Houston Mayor John Whitmire says city's 'ShotSpotter' gunshot detection tool is a 'gimmick'

Thursday, May 30, 2024
Mayor Whitmire says $3.5 million 'ShotSpotter' program isn't any good
Houston Mayor John Whitmire reportedly has plans to stop the $3.5 million "ShotSpotter" program, which is aimed at combating crime in the city.

HOUSTON, Texas (KTRK) -- Houston Mayor John Whitmire says it's time to end "ShotSpotter," a gunshot detection tool that's supposed to help fight crime.

ShotSpotter is set up in northwest and southeast Houston and uses technology to alert the Houston Police Department.

Whitmire has said he is serious about making Houston safer but says the technology isn't doing any good.

"It's a gimmick," Whitmire told ABC13 Thursday afternoon.

Data from ABC13 Investigates has found ShotSpotter hasn't made a big difference.

PREVIOUS REPORT: Future of 'ShotSpotter' brings mixed feelings on whether shooting detection tech helps combat crime

A controversial gunfire detection system is fizzling out of other cities. Residents in neighborhoods with ShotSpotter technology said they didn't even know it was there.

Eyewitness News found that only 5% of alerts from December 2020 through September 2022 led to an arrest.

There were nearly 4,400 alerts during that time frame.

Additionally, ABC13's partners at the Houston Chronicle found that only 20% of alerts over a similar time period even led to an offense report.

"That percentage is about half the percentage of a traditional 911 report," Chronicle City Hall Reporter Yilun Cheng said.

A traditional report is when a human being alerts HPD to an incident.

Another issue with ShotSpotter was acknowledged by HPD Acting Chief Larry Satterwhite at a budget meeting earlier this week.

It becomes a Priority 1 call when the technology alerts police to a potential gunshot. That means an officer in the area would have to respond to the digital alert for a gunshot over something like a burglary.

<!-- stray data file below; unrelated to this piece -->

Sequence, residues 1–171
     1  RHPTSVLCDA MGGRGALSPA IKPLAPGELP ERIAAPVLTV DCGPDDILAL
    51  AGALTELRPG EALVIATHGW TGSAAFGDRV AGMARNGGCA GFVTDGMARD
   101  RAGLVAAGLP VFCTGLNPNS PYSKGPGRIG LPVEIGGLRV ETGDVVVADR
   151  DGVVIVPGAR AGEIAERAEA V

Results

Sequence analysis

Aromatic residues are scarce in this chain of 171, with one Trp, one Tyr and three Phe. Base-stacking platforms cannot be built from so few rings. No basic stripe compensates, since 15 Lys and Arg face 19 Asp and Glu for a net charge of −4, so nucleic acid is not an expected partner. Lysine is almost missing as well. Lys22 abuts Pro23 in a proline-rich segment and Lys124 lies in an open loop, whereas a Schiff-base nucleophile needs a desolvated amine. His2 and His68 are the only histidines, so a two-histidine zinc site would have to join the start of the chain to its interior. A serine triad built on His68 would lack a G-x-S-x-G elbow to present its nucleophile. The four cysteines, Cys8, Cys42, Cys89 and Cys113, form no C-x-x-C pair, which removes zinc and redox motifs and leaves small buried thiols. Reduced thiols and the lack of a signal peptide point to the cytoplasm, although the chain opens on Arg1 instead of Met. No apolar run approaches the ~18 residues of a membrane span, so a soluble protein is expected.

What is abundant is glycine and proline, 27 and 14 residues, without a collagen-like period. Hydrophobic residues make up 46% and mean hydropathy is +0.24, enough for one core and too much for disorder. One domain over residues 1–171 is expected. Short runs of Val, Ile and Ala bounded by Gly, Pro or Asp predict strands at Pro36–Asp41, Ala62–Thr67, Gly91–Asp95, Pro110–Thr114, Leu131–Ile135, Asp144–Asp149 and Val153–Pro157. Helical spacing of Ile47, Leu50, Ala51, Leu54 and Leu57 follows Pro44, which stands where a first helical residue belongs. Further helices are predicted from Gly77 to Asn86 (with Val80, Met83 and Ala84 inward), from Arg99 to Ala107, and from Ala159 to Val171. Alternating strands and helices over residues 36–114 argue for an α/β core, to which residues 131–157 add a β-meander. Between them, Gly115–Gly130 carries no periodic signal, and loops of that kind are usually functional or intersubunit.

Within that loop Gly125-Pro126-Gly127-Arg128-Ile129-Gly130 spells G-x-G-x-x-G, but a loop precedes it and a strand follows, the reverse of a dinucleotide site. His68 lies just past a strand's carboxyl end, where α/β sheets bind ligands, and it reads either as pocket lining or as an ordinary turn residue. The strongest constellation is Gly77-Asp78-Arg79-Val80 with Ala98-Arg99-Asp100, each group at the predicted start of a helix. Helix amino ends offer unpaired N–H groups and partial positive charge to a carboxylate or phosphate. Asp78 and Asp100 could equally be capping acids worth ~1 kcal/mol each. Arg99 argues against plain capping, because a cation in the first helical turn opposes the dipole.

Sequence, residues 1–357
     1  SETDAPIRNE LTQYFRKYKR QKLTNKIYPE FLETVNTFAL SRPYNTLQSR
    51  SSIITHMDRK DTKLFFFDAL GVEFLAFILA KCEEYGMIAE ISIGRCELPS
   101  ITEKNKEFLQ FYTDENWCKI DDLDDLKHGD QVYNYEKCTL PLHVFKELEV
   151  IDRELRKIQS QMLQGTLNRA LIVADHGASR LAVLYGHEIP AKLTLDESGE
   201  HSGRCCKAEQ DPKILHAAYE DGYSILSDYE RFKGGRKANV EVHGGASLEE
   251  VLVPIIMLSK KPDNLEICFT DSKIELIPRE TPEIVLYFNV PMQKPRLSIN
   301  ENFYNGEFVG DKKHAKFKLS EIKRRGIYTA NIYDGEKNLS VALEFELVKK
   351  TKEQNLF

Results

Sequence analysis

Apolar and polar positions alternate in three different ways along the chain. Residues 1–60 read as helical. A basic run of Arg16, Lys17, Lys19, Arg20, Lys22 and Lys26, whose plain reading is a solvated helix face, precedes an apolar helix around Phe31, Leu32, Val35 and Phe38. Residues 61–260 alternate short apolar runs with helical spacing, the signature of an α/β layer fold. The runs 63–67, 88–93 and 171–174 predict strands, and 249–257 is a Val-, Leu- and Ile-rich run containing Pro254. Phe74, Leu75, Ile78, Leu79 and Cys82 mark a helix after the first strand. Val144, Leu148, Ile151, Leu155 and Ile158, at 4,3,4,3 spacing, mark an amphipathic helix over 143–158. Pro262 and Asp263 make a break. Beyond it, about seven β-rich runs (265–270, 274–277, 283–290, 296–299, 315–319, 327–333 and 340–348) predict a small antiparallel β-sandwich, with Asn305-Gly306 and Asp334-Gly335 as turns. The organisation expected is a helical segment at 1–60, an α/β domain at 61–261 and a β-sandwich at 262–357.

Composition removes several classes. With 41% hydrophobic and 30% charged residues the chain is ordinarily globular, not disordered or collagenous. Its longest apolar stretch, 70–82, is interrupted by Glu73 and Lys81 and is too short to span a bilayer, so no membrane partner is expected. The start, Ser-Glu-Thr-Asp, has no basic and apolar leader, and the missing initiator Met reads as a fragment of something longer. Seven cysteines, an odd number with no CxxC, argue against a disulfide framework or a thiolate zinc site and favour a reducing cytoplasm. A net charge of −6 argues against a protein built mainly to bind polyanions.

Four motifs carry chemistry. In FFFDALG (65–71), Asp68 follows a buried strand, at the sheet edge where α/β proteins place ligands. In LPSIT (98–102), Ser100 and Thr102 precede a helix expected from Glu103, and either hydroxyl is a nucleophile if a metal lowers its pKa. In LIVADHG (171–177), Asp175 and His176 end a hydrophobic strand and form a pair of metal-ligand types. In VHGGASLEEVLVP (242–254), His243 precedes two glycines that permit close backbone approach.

That doesn't sit well with Sunnyside resident Ardyth Guyer.

"I think that's horrible," Guyer said. "Someone's breaking into my house, but you're looking at something that may not be anything?"

I would love to see Houston next on the list to end the ShotSpotter contract
RoShawn Evans, Pure Justice

The program was first used in Houston in 2020 before the city signed a $3.5 million contract to expand it in January 2022.

The contract runs through January 2027, but Whitmire said they're currently working to get out of it.

He added they'd use the newfound money to fund a cadet class for HPD.

Some people also worry the technology further strains police interactions with communities of color.

READ MORE: Houston city councilmember concerned ShotSpotter may disproportionately impact communities of color

Houston police said the ShotSpotter system has helped officers respond quickly to gunfire. But a Houston councilmember said the program could end up unfairly targeting communities of color.

"I watched a car backfire all the way up the block that could set off ShotSpotter," RoShawn Evans with Pure Justice said. "I would love to see Houston next on the list to end the ShotSpotter contract."

Meanwhile, people who support it say it can help officers find gunshot victims and evidence.

"A lot of people don't want to get involved, and I get that. They're scared," Andy Kahan with Crime Stoppers told ABC13 earlier this year. "They don't want to notify law enforcement, so at least technology gives them the opportunity to proactively act instead of reactively."

Earlier this year, Chicago announced they would not be renewing their contract with ShotSpotter.

Other cities, including Dayton, San Antonio, Charlotte, and New Orleans, have also terminated their partnerships with ShotSpotter over various concerns.

ABC13 reached out to the company behind ShotSpotter for this story, but they didn't reply to our request for comment.


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Houston Chronicle reporter Yilun Cheng speaks with ABC13 about new data suggesting ShotSpotter being less-than-successful in the city.

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